Age and Language Proficiency in Determining Immigrant Success
Kern, Andreas M
This paper studies whether there exists a relationship between a foreign-born worker’s age upon arrival to the United States, and his/her income, using English-speaking ability as a key factor in measuring assimilation into the host country. I hypothesize that if an individual arrives to the United States at an early age, he/she will, on average, obtain a higher income than someone who arrives at a later age. Using ordinary least squares regression, the study finds that not only does an earlier age on arrival to the United States correlate with an individual’s income, but also that English-speaking ability is an important driving influence. Given the prevalence of the immigration debate in the current policy agenda, this research highlights the importance of an individual’s English-speaking abilities in obtaining success, if success is defined as higher income. A broader implication of these results is that policies aimed to enhance the English-speaking abilities of immigrants may produce substantial additional benefits for the United States.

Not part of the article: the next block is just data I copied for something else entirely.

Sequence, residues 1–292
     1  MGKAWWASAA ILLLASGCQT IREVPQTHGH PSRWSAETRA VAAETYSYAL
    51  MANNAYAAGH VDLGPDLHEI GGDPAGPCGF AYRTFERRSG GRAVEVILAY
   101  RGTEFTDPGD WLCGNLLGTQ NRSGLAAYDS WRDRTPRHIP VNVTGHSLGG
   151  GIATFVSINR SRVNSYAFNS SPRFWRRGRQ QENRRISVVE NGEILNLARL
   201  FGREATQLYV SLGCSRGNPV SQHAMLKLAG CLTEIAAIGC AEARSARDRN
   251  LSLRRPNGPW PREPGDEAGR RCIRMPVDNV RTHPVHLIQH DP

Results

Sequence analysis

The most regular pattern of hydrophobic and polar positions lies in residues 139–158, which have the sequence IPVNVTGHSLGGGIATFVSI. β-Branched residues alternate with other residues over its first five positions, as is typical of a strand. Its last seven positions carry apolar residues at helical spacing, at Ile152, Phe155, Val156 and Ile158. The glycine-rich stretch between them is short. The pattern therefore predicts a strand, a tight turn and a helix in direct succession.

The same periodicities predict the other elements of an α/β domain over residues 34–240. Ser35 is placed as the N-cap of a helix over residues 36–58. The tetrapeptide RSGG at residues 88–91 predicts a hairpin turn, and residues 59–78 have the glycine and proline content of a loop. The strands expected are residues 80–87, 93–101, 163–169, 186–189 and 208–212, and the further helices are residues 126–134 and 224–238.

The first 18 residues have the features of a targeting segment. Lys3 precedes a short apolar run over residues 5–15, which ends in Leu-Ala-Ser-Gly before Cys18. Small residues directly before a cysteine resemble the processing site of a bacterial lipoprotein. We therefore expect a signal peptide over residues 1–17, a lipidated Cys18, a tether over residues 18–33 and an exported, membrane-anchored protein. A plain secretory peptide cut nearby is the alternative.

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APPLYING AN ARGUMENT-BASED APPROACH FOR VALIDATING LANGUAGE PROFICIENCY ASSESSMENTS IN SECOND LANGUAGE ACQUISITION RESEARCH: THE ELICITED IMITATION TEST FOR RUSSIAN Mozgalina, Anastasia (Georgetown University, 2015)This dissertation was motivated by the need for practical suggestions as to what can be done to improve L2 proficiency assessment practices in SLA research. In response, it is proposed that an argument-based approach to ...